Congressional press releases don’t always tell you about important votes, but they always tell you what members of Congress want you to know about them. Representative Steve King (R, IA-04) didn’t release a statement last week explaining his vote to let John Boehner stay on as House speaker. But I think he’s a little worried about his street cred as a bold conservative, because he quickly moved to flaunt his work on some hopeless right-wing causes.
During the last Congress, King had blamed Boehner for being passed over as chairman of the House Judiciary Committee’s subcommittee on immigration. Now King has a new position as chair of a House Agriculture Committee subcommittee. I suspect that changed his attitude toward Boehner. Whatever his reasons, King’s support for the House speaker disappointed some conservatives, including talk radio host Steve Deace.
King usually comments publicly on important roll-call votes, but as I mentioned above, he did not sent out a statement about Boehner’s re-election as speaker. Instead, here’s the full text of a press release from King’s office on January 4 (emphasis in original):
King Introduces Three Bills to Start 113th Congress
Washington, DC- Congressman Steve King released the following statement today after introducing H.R. 140, the Birthright Citizenship Act of 2013; H.J. Res 16, to repeal the 16th Amendment to the Constitution; and H.R. 132, the ObamaCare Repeal Act. King was sworn in yesterday to mark the beginning of the 113th Congress and will now represent the new 4th District of Iowa.
H.R. 140, the Birthright Citizenship Act of 2013:
“We need a common sense solution to fix the flawed interpretation of the Constitution’s citizenship clause, and ‘The Birthright Citizenship Act of 2013’ does just that,” said King. “The current practice of extending U.S. citizenship to hundreds of thousands of ‘anchor babies’ must end because it creates a magnet for illegal immigration into our country. Now is the time to ensure that the laws in this country do not encourage law breaking.”
H.J. Res 16, to repeal the 16th Amendment to the Constitution:
“The Founding Fathers envisioned a robust market based economy,” said King, “and our current tax policies do not encourage that system. Replacing the current income tax with a consumption tax will ensure that productivity is not punished in our country, but rewarded.”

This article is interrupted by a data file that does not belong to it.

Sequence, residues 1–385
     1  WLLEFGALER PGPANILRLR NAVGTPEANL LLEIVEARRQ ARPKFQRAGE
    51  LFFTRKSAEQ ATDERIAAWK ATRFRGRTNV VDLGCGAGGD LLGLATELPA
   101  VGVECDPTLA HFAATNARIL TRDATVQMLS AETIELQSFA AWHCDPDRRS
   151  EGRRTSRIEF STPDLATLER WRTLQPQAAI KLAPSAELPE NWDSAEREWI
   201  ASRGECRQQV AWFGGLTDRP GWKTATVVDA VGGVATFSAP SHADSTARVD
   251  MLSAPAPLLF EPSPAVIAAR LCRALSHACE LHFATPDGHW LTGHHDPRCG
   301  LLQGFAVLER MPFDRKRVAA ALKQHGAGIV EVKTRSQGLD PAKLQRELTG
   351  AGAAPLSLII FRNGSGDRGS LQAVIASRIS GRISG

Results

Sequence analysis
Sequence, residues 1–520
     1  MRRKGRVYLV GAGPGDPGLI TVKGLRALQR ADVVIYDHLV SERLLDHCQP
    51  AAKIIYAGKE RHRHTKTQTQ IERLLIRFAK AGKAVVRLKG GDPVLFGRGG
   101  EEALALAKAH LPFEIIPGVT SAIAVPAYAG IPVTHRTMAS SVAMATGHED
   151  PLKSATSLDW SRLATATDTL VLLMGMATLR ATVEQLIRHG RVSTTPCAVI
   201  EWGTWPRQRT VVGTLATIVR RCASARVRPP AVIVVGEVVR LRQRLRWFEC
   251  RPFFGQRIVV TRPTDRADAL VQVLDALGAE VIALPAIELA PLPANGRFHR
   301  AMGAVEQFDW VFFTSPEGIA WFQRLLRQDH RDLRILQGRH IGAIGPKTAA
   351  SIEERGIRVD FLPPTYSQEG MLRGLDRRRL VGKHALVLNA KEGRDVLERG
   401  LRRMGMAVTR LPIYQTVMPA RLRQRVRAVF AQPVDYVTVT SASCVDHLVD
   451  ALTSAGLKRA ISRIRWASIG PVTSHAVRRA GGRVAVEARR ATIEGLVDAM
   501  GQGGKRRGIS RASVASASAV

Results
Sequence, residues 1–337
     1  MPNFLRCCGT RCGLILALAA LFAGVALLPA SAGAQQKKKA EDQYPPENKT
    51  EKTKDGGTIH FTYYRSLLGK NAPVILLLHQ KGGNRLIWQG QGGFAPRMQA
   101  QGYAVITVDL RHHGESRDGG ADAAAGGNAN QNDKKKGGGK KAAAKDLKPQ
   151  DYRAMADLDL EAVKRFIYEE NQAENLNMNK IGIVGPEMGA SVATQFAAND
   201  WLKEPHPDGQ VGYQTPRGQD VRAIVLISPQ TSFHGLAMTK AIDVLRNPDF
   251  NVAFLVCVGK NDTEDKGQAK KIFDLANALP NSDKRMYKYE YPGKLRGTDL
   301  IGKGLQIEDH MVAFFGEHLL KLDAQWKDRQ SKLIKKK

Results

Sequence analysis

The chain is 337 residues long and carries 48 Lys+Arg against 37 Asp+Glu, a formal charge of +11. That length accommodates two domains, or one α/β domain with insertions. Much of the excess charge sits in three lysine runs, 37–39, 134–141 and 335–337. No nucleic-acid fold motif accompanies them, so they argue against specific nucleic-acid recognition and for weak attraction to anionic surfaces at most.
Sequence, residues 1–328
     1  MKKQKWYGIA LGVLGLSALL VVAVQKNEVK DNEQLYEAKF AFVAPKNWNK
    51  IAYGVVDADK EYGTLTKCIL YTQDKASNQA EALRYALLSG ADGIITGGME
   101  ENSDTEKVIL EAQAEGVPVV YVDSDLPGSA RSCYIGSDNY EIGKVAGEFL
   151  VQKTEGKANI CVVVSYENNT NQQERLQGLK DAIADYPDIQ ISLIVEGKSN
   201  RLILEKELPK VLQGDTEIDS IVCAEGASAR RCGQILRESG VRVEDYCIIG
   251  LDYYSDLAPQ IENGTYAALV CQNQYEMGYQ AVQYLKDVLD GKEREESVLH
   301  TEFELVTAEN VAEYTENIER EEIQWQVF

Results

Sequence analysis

H.R. 132, ObamaCare Repeal Act:
“ObamaCare was bad policy when it was passed, and it is still bad policy today,” said King. “Businesses and households are dealing with soaring healthcare costs as it is implemented across the country. My bill would repeal ObamaCare in its entirety.”
At this writing, 13 House Republicans have co-sponsored King’s bill on birthright citizenship. But House leaders won’t want any part of this crusade. King lost his subcommittee chairmanship two years ago right after he introduced a similar bill. Trying to change the long-established meaning of the 14th Amendment to the U.S. Constitution would stir up a hornet’s nest just when Republicans are trying to figure out how to win back Latino and Asian voters.
King is one of the most prominent Congressional supporters of the so-called “fair tax”, which would replace federal income taxes with a consumption tax (also known as a value-added tax) to most goods and services. Repealing the income tax is another non-starter, especially since King doesn’t serve on any House committee that would allow him to promote that agenda.
Another “Obamacare” repeal bill just makes me laugh. House Republicans have voted many times already to repeal the 2010 health care reform law. If it didn’t move forward when Democrats held 53 seats in the Senate, how’s it going to move now that Democrats hold 55 Senate seats and Barack Obama was just re-elected with more than 330 electoral votes?
King’s far-right positions don’t threaten his career, because he’s safely ensconced in a district with 50,000 more Republicans than Democrats. But his tilting at windmills won’t help the Republican Party’s image nationally.